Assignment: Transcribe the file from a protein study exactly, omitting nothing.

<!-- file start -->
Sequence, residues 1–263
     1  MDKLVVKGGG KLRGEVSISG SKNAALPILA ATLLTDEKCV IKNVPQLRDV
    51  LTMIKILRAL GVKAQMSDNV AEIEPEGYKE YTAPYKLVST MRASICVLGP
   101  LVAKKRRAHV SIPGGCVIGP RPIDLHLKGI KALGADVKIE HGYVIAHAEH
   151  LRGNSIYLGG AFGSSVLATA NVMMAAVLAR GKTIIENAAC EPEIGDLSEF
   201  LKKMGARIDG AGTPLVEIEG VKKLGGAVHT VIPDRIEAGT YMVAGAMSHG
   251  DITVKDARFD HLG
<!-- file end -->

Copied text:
Sequence, residues 1–263
     1  MDKLVVKGGG KLRGEVSISG SKNAALPILA ATLLTDEKCV IKNVPQLRDV
    51  LTMIKILRAL GVKAQMSDNV AEIEPEGYKE YTAPYKLVST MRASICVLGP
   101  LVAKKRRAHV SIPGGCVIGP RPIDLHLKGI KALGADVKIE HGYVIAHAEH
   151  LRGNSIYLGG AFGSSVLATA NVMMAAVLAR GKTIIENAAC EPEIGDLSEF
   201  LKKMGARIDG AGTPLVEIEG VKKLGGAVHT VIPDRIEAGT YMVAGAMSHG
   251  DITVKDARFD HLG